Moderna says it will keep its COVID-19 vaccine free (for now)
The announcement comes after a proposed price hike was widely criticized.
Moderna announced that it will keep its COVID-19 vaccine free of charge for even after the federal government stops paying for it.
“Everyone in the United States will have access to Moderna’s COVID-19 vaccine regardless of their ability to pay,” the pharmaceutical company wrote in a statement. “Moderna’s COVID-19 vaccines will continue to be available at no cost for insured people whether they receive them at their doctors’ offices or local pharmacies.”
[Related: Biden will end COVID-19 national emergencies in May. Here’s what that means.]
In their statement, the company also claimed that its patient assistance program will provide free vaccines for the “uninsured and underinsured,” after the federal government’s public health emergency expires, which should be in May. The company did not say how long the vaccines would remain free.
Moderna faced criticism in January after it announced it was raising the market price from about $26 per shot to as much as $130. The vaccine was developed with the help of billions of federal tax dollars and private donations. Moderna CEO Stéphane Bancel is scheduled to testify before the Senate health committee on March 22 regarding the price for its COVID-19 vaccine when they are sold on the private market.
[Related: The FDA says get used to COVID-19 vaccine boosters.]
Moderna’s announcement of a potential price hike coincided with the Biden Administration informing Congress last month that it was moving towards ending the national public health emergency on May 11, 2023. This change would limit or end federal dollars towards the shots and leave uninsured Americans paying out of pocket for future boosters.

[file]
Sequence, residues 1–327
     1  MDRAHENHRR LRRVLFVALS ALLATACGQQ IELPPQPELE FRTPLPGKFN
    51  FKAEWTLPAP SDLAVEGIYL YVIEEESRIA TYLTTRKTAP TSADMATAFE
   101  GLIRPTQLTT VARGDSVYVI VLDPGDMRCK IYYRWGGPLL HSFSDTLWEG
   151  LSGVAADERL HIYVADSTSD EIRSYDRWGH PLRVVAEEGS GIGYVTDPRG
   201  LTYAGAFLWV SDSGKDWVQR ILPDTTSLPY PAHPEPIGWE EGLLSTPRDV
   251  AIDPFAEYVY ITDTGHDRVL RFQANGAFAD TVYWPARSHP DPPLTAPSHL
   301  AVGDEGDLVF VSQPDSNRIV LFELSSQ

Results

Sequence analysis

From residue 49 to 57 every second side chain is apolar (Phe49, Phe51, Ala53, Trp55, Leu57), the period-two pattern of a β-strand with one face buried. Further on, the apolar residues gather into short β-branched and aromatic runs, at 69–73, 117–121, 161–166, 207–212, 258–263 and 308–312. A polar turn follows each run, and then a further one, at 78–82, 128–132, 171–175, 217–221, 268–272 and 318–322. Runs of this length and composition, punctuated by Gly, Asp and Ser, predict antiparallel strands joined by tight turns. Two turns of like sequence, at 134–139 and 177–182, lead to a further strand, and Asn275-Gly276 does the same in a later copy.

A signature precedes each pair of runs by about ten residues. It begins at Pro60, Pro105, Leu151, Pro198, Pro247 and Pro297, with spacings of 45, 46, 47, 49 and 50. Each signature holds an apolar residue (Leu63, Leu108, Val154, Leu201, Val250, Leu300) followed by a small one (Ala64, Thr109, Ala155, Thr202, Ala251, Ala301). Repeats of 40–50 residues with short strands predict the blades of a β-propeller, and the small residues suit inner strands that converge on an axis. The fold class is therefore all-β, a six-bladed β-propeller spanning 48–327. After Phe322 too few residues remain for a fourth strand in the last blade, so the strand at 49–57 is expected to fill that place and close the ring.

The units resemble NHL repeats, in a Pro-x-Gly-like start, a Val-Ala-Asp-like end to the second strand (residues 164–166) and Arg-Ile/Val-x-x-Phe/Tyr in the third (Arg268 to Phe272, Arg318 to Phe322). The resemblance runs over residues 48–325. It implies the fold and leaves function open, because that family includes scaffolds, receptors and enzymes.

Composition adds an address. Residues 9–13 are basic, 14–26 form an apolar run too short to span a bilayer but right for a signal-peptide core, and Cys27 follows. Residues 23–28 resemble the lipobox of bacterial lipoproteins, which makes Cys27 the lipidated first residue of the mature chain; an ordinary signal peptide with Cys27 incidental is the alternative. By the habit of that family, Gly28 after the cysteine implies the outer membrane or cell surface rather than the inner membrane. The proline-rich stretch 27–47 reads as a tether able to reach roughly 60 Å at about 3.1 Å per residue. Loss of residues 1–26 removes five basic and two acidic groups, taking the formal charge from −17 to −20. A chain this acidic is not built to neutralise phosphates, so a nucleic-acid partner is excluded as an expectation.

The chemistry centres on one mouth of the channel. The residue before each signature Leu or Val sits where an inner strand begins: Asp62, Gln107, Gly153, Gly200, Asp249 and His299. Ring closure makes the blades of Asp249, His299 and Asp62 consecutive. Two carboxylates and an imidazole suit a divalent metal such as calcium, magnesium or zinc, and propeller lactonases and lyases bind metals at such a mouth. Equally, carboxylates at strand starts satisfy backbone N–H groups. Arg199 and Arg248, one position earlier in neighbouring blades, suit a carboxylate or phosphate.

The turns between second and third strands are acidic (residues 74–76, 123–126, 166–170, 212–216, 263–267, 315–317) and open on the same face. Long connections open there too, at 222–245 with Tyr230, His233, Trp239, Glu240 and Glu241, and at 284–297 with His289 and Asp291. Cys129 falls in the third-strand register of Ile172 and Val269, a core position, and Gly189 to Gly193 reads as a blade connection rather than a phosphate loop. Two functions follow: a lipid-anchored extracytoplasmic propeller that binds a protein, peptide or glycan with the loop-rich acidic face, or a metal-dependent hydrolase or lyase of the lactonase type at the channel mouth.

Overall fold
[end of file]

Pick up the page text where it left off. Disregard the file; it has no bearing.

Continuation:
The federal government had been paying for all COVID-19 vaccines despite insurance status, but ending the public health emergency means funds for federal support for programs aimed at serving the uninsured and those that explained testing, treatments, and Medicaid will dry up. Moderna says its patient assistance program is scheduled to be available after the public health emergency expires, though it is unclear for how long.
The public health emergency was first declared by Health and Human Services Secretary Alex Azar on January 21, 2020. The national emergency was later declared by Former President Donald Trump in March 2020. President Biden has repeatedly extended both the national and public health emergencies since taking office in January 2021 and has extended them as recently as January 11.
In January, the World Health Organization (WHO) said that the coronavirus remains a global health emergency, despite a key advisory panel for the group finding that the pandemic may be nearing an “inflexion point” where higher levels of immunity could lower virus-related deaths.